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Movie Review: The House Next Door

Banners: Viacom 18 Motion Pictures, Etaki Entertainment

Producer: Siddharth

Director: Milind Rau

Writer: Milind Rau, Siddharth

Cast: Siddharth, Andrea Jeremiah, Atul Kulkarni, Anisha Victor

Music: Girishh

Horror has never been a strength of Hindi filmmakers but The House Next Door sure is a surprise package. For one, it does not follow the hackneyed notion which equates horror with a ghost that looks like an actor with their make-up gone horribly wrong.

The film is set in the beautiful Himalayan valley. Newlywed couple, neurosurgeon Krishnakanth/Krish (Siddharth) and Lakshmi (Andrea Jeremiah), move into a new neighbourhood. Soon, their neighbours, the D’Souzas, Paul (Atul Kulkarni), his father, his wife (Lizzy) and their two daughters, Jennifer/Jenny (Anisha Victor) and Sara move into the house next door. Almost immediately, things get eerie around everyone and the film sets out to scare the daylights out of its audience.

At the D’Souza’s house-warming party, Krish has his first unnerving encounter, where he witnesses a possessed Jenny standing on the edge of a well, ready to jump. Krish rushes to help the girl and what follows is a series blood-curdling incidents.

While some of the spooky elements suggest they have been pulled out of The Exorcism of Emily Rose and The Ring, Milind Rau’s execution saves it from becoming another Hollywood rip-off. And it keeps you on the edge of your seat.

The VFX is within the realm of possibility and has not been overdone to make it over-dramatic. The first half of the story is gripping and throws a real scare into you. As the story inches towards the second half, the director ups the scare quotient – elements like what-lurks-in-dark-corners, the panic of being followed by unseen eyes, ghostly shadows, spirits emerging from the dark – reminiscent of age-old tricks from horror films back in the day.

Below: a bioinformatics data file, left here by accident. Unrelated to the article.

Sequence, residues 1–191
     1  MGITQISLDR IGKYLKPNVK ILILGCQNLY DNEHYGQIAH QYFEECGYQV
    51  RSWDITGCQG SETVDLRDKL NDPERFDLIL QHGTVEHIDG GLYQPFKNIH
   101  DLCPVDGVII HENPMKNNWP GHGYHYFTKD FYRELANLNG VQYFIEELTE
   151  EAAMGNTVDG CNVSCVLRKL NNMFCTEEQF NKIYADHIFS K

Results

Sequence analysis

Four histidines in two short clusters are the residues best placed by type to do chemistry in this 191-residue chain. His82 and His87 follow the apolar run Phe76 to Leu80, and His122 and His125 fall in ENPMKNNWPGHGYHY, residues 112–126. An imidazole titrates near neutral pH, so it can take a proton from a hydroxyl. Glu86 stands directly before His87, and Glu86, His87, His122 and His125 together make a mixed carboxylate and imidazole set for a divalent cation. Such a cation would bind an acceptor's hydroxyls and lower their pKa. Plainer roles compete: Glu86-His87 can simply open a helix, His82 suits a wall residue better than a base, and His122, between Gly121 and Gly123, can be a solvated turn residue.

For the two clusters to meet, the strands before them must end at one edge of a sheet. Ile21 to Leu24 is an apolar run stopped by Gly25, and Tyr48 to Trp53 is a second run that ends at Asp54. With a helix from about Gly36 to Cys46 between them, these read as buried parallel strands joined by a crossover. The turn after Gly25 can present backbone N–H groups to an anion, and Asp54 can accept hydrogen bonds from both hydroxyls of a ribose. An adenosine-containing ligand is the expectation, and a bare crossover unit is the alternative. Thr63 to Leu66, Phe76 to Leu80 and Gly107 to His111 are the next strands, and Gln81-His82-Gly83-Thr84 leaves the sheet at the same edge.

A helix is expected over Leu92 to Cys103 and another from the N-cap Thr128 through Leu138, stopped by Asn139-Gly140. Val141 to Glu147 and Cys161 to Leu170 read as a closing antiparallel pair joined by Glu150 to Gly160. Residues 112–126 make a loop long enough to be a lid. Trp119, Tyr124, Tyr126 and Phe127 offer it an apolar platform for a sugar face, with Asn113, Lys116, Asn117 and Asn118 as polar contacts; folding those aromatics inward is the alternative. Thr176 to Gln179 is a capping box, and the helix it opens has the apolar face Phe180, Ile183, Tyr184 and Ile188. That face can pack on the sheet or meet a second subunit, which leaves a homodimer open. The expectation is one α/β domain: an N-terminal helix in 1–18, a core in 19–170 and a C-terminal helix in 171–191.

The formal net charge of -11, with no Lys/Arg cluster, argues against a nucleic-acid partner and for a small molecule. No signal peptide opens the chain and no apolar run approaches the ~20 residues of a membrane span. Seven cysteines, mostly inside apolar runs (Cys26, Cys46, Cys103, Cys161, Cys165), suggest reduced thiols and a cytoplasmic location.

Krish, who is hell bent on saving his neighbours from unholy spirits, seeks the help of his colleague, a psychiatrist, and finally resorts to exorcism with the help of a priest. It is only when the D’Souzas try to escape the haunted villa that the crux of the story seems to emerge. The climax is engaging and menacing. The background score is decent. Wasting no time on songs, the film comes out as a winner.

Performance-wise, Siddharth is excellent. Andrea Jeremiah is good. Atul Kulkarni looks baffled and is all over the place throughout the film. The one who steals the show is Anisha Victor. The rest of the cast lends adequate support.

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